Pretty much everything we do, we do because there is something in it for us.

We may go to work for the money, volunteer for a charity because we want to help others, or clean the house because we’re afraid that otherwise the maid will judge us.

Everything we do is motivated by SOMETHING – either because we want to gain something, like financial freedom or a piece of cheesecake, or because we’re afraid of losing something, like our house or our self respect.

Once you figure out what motivates other creatures, you can make them do whatever you want in order to get it.

Take dogs. Dogs are pretty easy to understand.

Any dog will likely be motivated by at least three things on the following list:

  • Food
  • Play
  • Affection
  • Attention
  • Exploration

If you can control your dog’s access to food, play, exploration, affection and attention, you have him pegged.

Getting control of those things is pretty easy, too.

You control when and what he eats, when and how he gets to go on walks, and when and how you pat and speak to him.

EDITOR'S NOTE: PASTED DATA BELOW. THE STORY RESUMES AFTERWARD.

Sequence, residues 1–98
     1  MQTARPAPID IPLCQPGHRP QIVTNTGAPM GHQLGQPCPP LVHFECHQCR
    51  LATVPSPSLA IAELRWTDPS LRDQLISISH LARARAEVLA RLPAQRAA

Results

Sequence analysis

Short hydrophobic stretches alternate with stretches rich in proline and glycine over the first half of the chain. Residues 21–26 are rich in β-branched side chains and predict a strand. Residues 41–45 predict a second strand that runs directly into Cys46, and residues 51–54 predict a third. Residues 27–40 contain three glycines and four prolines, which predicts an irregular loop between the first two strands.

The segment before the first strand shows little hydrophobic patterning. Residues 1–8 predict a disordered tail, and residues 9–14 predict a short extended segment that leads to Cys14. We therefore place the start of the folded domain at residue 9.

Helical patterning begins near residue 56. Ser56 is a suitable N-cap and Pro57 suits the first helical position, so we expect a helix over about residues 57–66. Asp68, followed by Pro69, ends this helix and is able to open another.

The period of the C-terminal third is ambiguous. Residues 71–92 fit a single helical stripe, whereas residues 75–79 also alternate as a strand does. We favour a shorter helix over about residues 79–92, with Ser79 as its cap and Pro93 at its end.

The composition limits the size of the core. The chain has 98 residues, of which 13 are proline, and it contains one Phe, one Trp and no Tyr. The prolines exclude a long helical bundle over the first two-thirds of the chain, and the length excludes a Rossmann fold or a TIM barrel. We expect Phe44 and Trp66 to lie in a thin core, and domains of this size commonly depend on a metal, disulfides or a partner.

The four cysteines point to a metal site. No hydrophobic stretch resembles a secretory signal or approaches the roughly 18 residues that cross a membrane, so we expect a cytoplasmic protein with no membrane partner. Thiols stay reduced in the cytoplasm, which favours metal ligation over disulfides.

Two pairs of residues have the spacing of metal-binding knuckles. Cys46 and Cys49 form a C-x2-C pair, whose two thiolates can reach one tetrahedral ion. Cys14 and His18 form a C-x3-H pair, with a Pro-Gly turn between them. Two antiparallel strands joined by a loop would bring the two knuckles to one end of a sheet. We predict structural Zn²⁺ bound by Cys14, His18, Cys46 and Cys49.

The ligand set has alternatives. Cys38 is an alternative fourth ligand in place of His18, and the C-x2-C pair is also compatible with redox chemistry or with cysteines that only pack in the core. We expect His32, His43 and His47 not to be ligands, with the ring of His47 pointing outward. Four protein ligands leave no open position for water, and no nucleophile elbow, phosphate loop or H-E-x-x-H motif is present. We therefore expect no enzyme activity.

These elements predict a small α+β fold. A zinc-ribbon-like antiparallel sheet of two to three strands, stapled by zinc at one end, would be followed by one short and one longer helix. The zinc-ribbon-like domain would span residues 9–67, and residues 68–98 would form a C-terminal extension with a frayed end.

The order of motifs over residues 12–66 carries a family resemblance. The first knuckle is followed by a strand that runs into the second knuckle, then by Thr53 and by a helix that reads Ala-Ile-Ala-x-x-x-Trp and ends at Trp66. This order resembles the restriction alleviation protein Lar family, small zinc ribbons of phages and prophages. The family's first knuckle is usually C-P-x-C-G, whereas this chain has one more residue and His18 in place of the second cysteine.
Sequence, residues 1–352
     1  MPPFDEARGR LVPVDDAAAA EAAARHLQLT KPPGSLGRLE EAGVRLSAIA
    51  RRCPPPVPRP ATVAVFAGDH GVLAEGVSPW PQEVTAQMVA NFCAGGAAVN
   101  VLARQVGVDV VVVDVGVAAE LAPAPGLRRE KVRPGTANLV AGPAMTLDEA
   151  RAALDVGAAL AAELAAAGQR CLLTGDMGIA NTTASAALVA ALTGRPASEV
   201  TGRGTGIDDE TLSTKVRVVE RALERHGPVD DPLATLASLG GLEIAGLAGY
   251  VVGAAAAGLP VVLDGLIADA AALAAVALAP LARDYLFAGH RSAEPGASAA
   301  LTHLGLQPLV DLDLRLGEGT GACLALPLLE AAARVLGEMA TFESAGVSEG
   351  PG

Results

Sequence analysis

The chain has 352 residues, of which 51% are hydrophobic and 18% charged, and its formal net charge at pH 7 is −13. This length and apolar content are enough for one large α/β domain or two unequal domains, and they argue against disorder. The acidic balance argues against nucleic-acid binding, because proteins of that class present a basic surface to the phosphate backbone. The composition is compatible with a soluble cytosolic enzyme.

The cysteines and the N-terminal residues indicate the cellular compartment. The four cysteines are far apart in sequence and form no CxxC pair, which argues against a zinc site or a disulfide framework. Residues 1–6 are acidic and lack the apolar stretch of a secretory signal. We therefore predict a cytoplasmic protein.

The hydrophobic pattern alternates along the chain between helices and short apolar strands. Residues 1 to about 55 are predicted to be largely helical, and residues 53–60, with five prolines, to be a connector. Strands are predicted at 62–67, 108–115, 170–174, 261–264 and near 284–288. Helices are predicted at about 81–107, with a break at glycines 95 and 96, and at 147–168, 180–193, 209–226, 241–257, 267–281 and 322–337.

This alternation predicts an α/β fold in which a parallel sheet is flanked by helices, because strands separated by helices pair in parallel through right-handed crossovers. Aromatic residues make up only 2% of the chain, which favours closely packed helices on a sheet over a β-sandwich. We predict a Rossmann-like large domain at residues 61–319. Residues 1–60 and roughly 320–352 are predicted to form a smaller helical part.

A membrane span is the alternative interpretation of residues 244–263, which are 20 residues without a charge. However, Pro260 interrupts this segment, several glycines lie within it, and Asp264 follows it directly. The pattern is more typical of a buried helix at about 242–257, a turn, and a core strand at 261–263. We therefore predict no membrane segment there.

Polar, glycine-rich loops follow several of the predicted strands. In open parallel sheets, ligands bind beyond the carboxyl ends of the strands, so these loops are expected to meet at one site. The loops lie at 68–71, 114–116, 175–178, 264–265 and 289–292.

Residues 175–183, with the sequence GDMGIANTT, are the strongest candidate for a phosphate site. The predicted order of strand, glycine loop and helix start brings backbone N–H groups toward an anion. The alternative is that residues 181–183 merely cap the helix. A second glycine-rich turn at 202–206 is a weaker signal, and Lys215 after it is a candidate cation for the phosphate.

Dogs learn really fast how to sit for treats, wait at the door for a walk, and roll over for the sake of another throw of the ball.

Really fast.

And your average toddler is smarter than the average dog, so they can learn just that much faster. You just need to know what motivates your baby.

The average toddler will be motivated by at least two or three of the following:

  • Being Held
  • Attention
  • Food
  • Play
  • Exploration
  • Security
  • Independence

You can and should use those above motivations to alter how your baby behaves.

This is not a matter of withholding love unless your tot does a bunch a parlor tricks. It’s about motivating your child to behave in a way that you like so that she can get what she wants. That’s the win-win rule.

I want you to think carefully about your toddler and what really motivates her. Does she value her independence? Insist on constant cuddles? Love to explore? Is she obsessed with puzzles?

This knowledge is your key to controlling your child. Because unless you want to become and angry and fearful task master, controlling what he loves and then showing him how to get it really is the way to go.